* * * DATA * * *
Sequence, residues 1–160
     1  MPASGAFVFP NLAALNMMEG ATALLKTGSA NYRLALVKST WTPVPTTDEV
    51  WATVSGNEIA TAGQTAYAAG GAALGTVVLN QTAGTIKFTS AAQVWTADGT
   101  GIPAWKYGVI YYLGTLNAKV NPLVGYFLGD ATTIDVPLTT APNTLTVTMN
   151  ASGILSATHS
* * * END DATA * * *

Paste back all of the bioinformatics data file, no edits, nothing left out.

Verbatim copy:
Sequence, residues 1–160
     1  MPASGAFVFP NLAALNMMEG ATALLKTGSA NYRLALVKST WTPVPTTDEV
    51  WATVSGNEIA TAGQTAYAAG GAALGTVVLN QTAGTIKFTS AAQVWTADGT
   101  GIPAWKYGVI YYLGTLNAKV NPLVGYFLGD ATTIDVPLTT APNTLTVTMN
   151  ASGILSATHS